The battle over abortion in the state of Arizona continues, even as the 40th anniversary of Roe v. Wade approaches in January. In Roe, the 1973 U.S. Supreme Court case legalized abortion throughout the United States. Roe has always been controversial, and has ignited legal, social and religious passions over the last four decades.
ABORTION LAWS AND POLICIES ARE CONSTANTLY CHANGING: Your updates and comments below are gratefully encouraged.
THE STATE OF ABORTION LAW IN ARIZONA
NARAL Pro-Choice America gives Arizona a “D” for its abortion-related laws,” noting among other things, that:
- Arizona’s Governor, Senate and House of Representatives are pro-life;
- Arizona has not repealed its (currently unconstitutional and unenforceable) pre-Roe abortion ban;
- Arizona’s law makes pre-viability abortion after 20 weeks a criminal act, “unless necessary to prevent a substantial permanent impairment of the life or physical health of the woman,” which does not include psychological or emotional harm;
- Arizona measures gestation based on a woman’s last menstrual period (in contrast to most states that measure post-fertilization), which may effectively ban abortion at 18 weeks.
Americans United for Life (AUL) ranks Arizona #14 in the nation for its abortion-related laws, stating that Arizona continues making “excellent strides” toward the protection of human life, including:
- measures that ban sex- and race-selective abortions;
- prohibiting the use of telemedicine to provide abortion;
- enhancing the state’s prohibition on the use of public funds to subsidize abortion;
- establishing ultrasound requirements prior to abortion; and
- requiring that only physicians prescribe, dispense, or administer prescription medication to induce an abortion.
Abortion Quick Facts For Arizona
Below is a review of Arizona abortion law and a discussion of emerging abortion-related trends in that state.
- Procedure must be performed by a licensed physician
- Procedure must be performed at a hospital once fetus become viable
- Second physician must participate in procedure once fetus becomes viable
- Procedure is prohibited once fetus becomes viable
- Partial birth abortions are banned
- Use of public funds for procedure are available for “medically necessary” abortions
- Private, wholly self-funded comprehensive insurance coverage may be used for abortion procedures
- Individual and institutional providers may refuse to participate in abortion procedures
- Mandated counseling prior to procedure is required, including disclosure of “the probable gestational age and anatomical and physiological characteristics of the unborn child. Women must also receive information about medical assistance beneﬁts, the father’s liability for child support, and that public and private agencies are available to assist the woman”
- Waiting period of 24 hours after mandated counseling is required
- Parental consent required for minors
Arizona And Abortion: Trends And Latest News
According to AUL:
- Arizona prohibits insurance companies from offering abortion coverage within state insurance Exchanges established pursuant to the federal “Patient Protection and Affordable Care Act” (required to be operational in 2014), except in cases involving threats to a woman’s life or health.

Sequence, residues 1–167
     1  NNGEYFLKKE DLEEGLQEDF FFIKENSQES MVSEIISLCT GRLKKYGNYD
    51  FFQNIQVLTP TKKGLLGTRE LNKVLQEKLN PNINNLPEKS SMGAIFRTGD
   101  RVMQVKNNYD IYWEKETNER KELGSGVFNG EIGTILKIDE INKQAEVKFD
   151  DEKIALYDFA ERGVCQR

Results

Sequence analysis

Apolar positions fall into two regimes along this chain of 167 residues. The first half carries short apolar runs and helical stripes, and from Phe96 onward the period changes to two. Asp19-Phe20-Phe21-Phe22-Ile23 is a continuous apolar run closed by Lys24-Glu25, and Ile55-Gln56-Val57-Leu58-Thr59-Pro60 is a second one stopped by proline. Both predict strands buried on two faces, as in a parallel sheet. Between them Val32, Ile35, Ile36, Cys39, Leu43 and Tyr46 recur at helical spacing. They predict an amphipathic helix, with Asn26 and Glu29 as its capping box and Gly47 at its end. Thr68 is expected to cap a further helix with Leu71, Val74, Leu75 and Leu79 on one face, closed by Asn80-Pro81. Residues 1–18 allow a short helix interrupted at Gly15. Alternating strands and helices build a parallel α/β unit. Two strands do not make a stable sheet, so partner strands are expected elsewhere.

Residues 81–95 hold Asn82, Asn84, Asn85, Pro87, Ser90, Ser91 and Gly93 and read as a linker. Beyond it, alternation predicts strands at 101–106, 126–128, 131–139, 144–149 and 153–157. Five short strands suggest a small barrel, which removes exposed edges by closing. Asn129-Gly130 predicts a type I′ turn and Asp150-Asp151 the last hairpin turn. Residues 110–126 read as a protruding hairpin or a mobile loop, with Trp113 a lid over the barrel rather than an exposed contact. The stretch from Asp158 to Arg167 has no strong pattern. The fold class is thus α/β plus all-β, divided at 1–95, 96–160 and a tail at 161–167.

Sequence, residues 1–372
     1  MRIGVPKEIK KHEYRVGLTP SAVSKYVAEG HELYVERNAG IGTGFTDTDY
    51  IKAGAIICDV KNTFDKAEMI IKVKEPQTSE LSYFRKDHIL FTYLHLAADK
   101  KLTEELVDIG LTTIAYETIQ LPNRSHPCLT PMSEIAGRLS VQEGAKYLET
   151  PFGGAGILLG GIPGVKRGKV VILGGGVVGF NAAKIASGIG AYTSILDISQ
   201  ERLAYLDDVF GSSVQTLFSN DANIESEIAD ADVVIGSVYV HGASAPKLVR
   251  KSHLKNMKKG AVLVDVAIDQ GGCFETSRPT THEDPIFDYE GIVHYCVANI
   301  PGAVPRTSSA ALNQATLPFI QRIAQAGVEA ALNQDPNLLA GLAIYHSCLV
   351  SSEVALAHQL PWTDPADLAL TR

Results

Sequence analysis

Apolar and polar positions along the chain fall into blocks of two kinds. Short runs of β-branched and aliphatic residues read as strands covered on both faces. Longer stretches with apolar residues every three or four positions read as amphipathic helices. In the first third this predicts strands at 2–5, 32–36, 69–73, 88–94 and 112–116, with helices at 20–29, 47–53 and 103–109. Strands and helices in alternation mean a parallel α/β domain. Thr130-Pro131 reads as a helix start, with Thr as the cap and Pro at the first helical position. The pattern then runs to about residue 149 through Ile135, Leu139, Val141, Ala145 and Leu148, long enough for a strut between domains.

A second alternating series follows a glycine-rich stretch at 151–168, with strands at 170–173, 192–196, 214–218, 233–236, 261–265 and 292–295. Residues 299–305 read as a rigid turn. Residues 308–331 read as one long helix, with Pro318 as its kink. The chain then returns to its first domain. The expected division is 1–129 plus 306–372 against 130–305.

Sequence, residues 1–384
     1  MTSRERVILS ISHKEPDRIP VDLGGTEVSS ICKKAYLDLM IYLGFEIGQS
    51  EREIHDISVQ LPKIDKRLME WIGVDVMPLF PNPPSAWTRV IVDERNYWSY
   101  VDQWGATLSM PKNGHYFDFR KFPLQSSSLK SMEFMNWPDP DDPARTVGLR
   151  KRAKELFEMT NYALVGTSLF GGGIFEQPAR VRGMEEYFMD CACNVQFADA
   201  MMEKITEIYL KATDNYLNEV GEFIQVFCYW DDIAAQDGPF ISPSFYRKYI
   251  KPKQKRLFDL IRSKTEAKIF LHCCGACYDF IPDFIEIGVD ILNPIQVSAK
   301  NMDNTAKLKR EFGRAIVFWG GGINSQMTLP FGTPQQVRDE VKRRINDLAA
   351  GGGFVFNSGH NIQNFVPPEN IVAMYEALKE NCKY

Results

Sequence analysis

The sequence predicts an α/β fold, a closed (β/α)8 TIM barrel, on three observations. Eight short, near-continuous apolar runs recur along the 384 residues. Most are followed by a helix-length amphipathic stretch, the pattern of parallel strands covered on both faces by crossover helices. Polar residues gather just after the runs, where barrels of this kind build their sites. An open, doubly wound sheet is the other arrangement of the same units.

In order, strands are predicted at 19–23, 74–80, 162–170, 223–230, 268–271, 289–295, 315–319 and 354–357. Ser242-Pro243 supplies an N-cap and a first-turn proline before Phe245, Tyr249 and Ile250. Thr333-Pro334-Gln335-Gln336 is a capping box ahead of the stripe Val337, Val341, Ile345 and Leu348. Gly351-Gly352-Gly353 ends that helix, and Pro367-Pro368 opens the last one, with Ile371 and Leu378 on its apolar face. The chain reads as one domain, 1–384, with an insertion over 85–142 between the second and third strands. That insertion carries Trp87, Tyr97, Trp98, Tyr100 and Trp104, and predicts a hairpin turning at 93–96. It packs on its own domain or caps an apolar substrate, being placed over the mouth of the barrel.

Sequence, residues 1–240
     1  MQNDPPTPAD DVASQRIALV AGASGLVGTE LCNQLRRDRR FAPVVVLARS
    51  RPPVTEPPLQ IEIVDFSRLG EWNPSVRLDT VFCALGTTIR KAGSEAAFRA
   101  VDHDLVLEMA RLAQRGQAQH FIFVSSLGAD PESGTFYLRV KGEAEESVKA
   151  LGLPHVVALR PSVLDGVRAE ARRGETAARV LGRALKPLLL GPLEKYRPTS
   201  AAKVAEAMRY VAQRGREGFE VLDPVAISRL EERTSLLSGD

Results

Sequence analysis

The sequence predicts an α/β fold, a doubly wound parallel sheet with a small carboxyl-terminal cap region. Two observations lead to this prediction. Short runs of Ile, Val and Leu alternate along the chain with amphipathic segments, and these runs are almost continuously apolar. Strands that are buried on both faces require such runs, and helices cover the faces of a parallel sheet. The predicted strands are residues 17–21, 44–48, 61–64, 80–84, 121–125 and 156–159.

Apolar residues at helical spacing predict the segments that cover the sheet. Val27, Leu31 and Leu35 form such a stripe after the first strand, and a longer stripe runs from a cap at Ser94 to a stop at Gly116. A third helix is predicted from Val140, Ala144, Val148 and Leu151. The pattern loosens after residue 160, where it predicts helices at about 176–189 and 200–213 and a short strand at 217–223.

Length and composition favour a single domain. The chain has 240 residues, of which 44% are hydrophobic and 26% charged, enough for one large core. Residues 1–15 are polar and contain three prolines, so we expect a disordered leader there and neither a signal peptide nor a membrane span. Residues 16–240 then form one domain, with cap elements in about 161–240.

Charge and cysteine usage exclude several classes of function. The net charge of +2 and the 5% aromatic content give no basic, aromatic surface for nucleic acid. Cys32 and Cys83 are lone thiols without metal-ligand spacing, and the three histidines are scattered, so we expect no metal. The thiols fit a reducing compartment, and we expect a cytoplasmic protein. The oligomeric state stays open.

- an Arizona appellate court ruled that the abortion “right” in the state constitution is no broader than that in the federal constitution
- The court also: (1) upheld notarization requirements in the state’s parental involvement law; (2) rejected challenges to informed consent provisions requiring that information be given “orally and in person” and “by a physician”; (3) rejected challenges to Arizona’s “physician-only” provision; and (4) rejected challenges to the ability of healthcare providers to refusal to provide abortion procedures based on conscience.
Nationally, The Abortion Issue Is Divisive And Crucially Important
As defined by the 1973 landmark U.S. Supreme Court case Roe v. Wade, abortion pits a woman’s Constitutional “right to privacy, which includes a qualified right to terminate her pregnancy” against a state’s “legitimate interests in protecting both the pregnant woman’s health and the potentiality of human life.”
In Roe, the Court provided for the first time a national framework for legal abortions. The case has been under attack in federal and state courts, legislatures and executive offices ever since. But unlike other controversial court decisions, the controversy over Roe shows no sign of abating. If anything, our nation’s people and political system seem to be polarizing around this issue. During the 1970s and 1980, views on abortion were largely a nonpartisan issue. Starting in the 1990s, however, “more Republicans believed abortion should be illegal than broadly legal (by a 21-point margin), while the reverse was true among Democrats (by 19 points).”
Abortion may also be the most important, as well as the most divisive, social and political issue in the United States today, at least among women. In a recent Gallup Poll, 39% of women in the 12 key swing states for Presidential elections named abortion as the most important issue facing women. Responding in an open-ended format, women ranked the issue of abortion above jobs, the economy, healthcare, and equal pay.
Ninety-three million eligible voters did not 2012, meaning that despite its importance, most voices are not being heard on the issue of abortion. If you would like to become more involved in this issue, you may get information to contact your federally elected officials here, contact a political advocacy group here, or register to vote here.
Guttermacher Institute | NARAL Pro-Choice America | National Conference of State. Legislatures | Americans. United for Life | Legal Information Institute
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